Somehow between the eighth and tenth beers the most perfect woman on earth inexplicably morphed into a white trash whore who should be eternally grateful to be married to an amazing guy like him. He would sometimes accompany the tirade with a peculiar, and extremely annoying, practice of pouring water on me in bed. Water doesn’t leave a mark, but believe me, it can scar.

Often when events began to unfold like that, I’d leave before the situation got too ugly. But on that night I wanted to sleep in my own bed. I’d already taken my contacts out and wasn’t up to facing a puzzled front desk clerk remarking on the fact that I was checking into a motel three blocks from my house.

I should have left anyway; I should have recognized the new level of aggression, the way he followed me around, pressing his weight into me and shouting, “You can’t control me!” “You fucking bitch!” and other selections from his greatest inebriated hits. He’d never been physically violent, but the behavior that night scared me. I didn’t want to risk what could happen if his mood escalated. Mostly I worried he might accidentally shove me into something or send me flying down the very cellar stairs I’d fantasized about finding his drunken ass at the base of. I thought I was right to call the police. Maybe not.

I listened hard at the top of the stairs, but heard only muffled conversation. What the hell could they be talking about? He’s probably giving them stock tips.

The women finally made their way back upstairs. I half expected them to tell me he’s the greatest guy and I should be thankful to be his wife.

“He’s going to stay down there tonight,” the smaller one reported. “I think he’ll be asleep soon. I doubt you have anything to worry about.” She handed me a card with her name and badge number. “I’ve circled a referral on the back for Project SAFE. They can help you if you need a place to stay. I think you’ll be okay for tonight, but you’ll have the number in case you need it in the future.”

A police officer just gave me a referral to a women’s shelter.

“You know, I have a master’s degree…” I wanted to say. Instead, I took the card and muttered, “Thank you.”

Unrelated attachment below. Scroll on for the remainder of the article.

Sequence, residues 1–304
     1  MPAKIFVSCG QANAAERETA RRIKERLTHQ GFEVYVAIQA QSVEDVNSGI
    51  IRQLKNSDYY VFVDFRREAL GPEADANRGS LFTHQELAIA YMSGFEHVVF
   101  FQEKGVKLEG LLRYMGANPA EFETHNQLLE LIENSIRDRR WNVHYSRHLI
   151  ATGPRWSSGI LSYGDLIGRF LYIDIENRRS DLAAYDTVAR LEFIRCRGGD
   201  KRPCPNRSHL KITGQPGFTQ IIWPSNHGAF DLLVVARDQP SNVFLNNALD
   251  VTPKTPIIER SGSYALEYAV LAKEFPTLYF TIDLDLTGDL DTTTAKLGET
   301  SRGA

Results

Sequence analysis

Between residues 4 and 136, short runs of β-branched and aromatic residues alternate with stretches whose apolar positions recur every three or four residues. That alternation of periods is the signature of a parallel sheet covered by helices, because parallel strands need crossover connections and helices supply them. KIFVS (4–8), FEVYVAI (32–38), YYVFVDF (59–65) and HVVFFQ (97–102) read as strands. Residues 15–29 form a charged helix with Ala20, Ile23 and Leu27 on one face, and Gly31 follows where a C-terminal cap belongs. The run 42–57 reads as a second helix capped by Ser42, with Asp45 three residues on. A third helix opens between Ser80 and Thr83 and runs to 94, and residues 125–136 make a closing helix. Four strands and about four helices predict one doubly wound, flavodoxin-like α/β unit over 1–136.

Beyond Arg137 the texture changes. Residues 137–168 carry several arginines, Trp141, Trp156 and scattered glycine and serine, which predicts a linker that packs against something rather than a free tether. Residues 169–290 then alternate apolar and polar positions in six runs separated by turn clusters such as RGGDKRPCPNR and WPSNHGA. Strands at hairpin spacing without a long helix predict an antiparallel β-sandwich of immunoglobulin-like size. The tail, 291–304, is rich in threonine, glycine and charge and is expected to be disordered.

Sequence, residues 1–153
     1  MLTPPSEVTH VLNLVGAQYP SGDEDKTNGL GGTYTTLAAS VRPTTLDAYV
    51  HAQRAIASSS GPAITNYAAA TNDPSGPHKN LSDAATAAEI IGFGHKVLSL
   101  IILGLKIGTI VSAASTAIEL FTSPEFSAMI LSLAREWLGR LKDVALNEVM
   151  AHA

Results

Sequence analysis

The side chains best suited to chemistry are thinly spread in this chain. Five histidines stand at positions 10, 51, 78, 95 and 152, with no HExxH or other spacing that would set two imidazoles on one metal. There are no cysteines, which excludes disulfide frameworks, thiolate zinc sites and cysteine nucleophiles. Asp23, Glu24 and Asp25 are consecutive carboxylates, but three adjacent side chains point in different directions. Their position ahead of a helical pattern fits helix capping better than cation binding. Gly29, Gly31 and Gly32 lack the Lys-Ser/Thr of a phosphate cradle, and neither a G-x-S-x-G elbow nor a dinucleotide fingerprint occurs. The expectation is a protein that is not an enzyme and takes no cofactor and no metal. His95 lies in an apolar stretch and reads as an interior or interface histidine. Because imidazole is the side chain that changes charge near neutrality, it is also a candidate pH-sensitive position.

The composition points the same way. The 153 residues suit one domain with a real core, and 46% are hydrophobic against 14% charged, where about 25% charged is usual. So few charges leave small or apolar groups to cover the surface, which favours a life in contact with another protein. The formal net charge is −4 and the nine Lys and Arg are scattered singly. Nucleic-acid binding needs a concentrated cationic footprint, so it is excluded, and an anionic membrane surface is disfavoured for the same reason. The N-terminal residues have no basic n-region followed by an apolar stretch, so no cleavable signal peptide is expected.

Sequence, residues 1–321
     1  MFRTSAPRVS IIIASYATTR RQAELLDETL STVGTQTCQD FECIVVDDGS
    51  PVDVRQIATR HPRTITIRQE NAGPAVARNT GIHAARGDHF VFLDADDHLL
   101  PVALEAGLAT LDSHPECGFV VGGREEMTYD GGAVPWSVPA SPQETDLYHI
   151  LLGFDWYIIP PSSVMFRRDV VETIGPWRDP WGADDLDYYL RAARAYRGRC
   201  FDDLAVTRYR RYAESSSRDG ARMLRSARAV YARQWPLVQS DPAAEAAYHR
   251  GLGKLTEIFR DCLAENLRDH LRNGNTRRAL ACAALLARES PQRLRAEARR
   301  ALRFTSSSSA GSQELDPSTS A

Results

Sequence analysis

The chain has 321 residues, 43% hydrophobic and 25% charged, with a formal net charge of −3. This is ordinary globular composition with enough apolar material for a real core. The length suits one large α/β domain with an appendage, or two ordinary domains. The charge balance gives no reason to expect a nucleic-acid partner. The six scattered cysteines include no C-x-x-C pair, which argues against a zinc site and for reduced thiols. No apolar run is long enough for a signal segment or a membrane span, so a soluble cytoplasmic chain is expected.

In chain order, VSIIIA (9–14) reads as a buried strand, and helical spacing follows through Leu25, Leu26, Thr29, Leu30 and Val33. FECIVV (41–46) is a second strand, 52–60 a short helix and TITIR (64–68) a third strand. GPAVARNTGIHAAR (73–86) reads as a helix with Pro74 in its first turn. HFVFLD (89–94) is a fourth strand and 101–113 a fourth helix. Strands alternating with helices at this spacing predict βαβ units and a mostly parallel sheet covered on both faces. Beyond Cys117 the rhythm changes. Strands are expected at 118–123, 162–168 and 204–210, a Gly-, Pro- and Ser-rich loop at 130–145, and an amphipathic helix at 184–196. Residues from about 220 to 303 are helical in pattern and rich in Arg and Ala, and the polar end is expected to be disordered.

This excerpt shows the “bastard” side. I can’t begin to tell you how much I loved him.

Questions? Comments?

Thursday, March 12, 2009

Something borrowed

Well, I talked to new bride/new 30-year-old/precious daughter, Courtney, on Monday, her birthday. She and her husband are on their honeymoon down South. When we spoke she was in Wilmington, North Carolina; their ultimate destination is Vero Beach, Florida, where they’ll be meeting up with John’s parents on their houseboat.

Remember her wedding last month? Remember how she got this beautiful dress from The Deb, of all places? (Evidently it’s a very uncool place to shop if you’re over 15.)


Courtney: “So you know my wedding dress?”
Me: “Of course, sweetie. You looked so beautiful.”
Courtney: “Yeah, well, I brought it back to The Deb.”
Me: “You brought it back? What do you mean?
Well, you see that satiny sash around her 23-inch waist? Evidently the price tag of the dress is hidden under there. Evidently that was the plan all along.

Courtney: “I knew I was never gonna wear it again, so I thought what the hell, I’m gonna return it.”
Me: “You brought back your wedding dress?”
Courtney: “Hell, yeah! I told them it didn’t fit and they totally gave me my money back. A hundred and fifty bucks! Woo-hoo!
Over the phone, she couldn’t see my eyes rolling back to my cerebellum. But I have to admit, her reasoning is sound…

Courtney: “You know what they say, Mom. ‘Something old, something new, something borrowed… Well, I borrowed my dress from The Deb.”
And evidently her underwear was blue.

If the TV execs don’t go for my reality show idea, which is brilliant, by the way, perhaps I can interest them in the Yankee-hippie version of Kath and Kim. We are so there.